Let’s talk duck.
There are basically three different types of ducks being sold in Singapore. They call them Chai Ya (lit Vegetable Duck), Ban Chai Ya (Half Vegetable Duck) and Fan Ya (Rice Duck). The one that you will most likely eat at hawker centres would be the Cai Ya. They are the common white coloured Pekin Duck, a breed that grows very quickly to reach table size. The Ban Chai Ya, from what I can gather, has tougher meat and is excellent for braising, but the cost is much higher than the Chai Ya so only very passionate hawkers would use them. The Fan Ya is even more expensive and is used only on very special occasions.
So when you go to eat braised duck what do you look for? Well, for me, one simple way of predicting if your braised duck is going to be good is to look at the size of the duck. The larger the duck (more than 3kg), the more likely your braised duck is going to be good. However, if you wish to make your own braised duck, how do you choose?
To find out, I spoke to a duck seller at Tiong Bahru market named Stanley of Stanley’s Fresh Chicken & Duck Suppliers (Tel: 81612178) who tells me that even though he only sells Cai Ya, there are different birds for different dishes. To make braised duck, you want a duck with strong bones which equates to tougher meat. The tougher meat will withstand a longer braising time resulting in a more flavoursome braised duck. For other dishes like salted vegetable duck, you want soft bone duck which is quicker to cook. To tell the difference, you will need to press on the breast bone of the duck (the sternum). Of course, the best thing is to make sure you find yourself a trusted duck seller who can help you choose a duck! (Like Stanley – he was pretty friendly and helpful even though I just called him out of the blue! Talk about great service!)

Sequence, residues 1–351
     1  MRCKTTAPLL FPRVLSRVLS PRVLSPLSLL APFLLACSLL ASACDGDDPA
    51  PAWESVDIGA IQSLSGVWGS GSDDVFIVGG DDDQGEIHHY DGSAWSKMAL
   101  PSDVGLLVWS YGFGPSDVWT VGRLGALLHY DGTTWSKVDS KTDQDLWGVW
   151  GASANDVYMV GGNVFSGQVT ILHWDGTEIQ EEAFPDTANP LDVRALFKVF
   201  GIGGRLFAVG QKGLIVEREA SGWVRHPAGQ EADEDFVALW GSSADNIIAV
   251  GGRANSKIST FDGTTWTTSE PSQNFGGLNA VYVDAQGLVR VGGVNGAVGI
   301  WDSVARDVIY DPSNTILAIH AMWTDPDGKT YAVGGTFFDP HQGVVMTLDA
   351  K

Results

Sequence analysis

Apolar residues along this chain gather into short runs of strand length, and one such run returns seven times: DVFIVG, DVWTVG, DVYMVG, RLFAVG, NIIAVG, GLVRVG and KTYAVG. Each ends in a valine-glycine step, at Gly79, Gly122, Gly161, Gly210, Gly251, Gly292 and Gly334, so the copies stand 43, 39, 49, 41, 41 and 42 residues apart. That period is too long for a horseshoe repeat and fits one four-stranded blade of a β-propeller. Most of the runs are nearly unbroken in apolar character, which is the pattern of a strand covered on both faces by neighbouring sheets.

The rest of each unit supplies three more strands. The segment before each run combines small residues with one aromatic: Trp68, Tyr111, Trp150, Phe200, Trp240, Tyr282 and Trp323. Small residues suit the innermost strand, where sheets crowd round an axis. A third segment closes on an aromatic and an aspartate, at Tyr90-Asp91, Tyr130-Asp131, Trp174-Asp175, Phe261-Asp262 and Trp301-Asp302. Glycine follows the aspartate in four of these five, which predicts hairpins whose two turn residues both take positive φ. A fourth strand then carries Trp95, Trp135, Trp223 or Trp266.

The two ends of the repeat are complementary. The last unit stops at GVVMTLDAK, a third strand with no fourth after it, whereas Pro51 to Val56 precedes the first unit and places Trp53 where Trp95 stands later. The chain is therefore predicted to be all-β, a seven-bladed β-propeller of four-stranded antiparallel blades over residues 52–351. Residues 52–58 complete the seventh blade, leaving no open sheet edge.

Anyway back to the story of this stall. We were here eating at Loo’s Hainanese Curry Rice when Cactuskit spied the nice big braised duck. Since the braised duck looks like it’s “Wu Seh” (Got standard), Cactuskit bought a plate for us to try.
As you can see from the way he sliced the breast, this duck is pretty big, allowing the hawker to slice diagonally, cutting through the transverse fibres and thus producing a very tender sliver of meat. This is Teochew style braised duck, so the braising sauce is the watery type and is surprisingly good. Good discovery Cactuskit! 4.25/5
It’s good but I am still looking for my Holy Grail of braised duck. Interestingly, the dish is more Teochew than many other Teochew hawkers but the chef is from Hong Kong. He married into the Teochew clan and has been manning the shop for three years. Shows you don’t have to be Teochew to make a good Teochew braised duck!
Update 4 Jan 2016
The stall has relocated the coffeeshop next to Tiong Bahru Bakery, 56 Eng Hoon Street, Tiong Bahru
Sum Long Teochew Braised Duck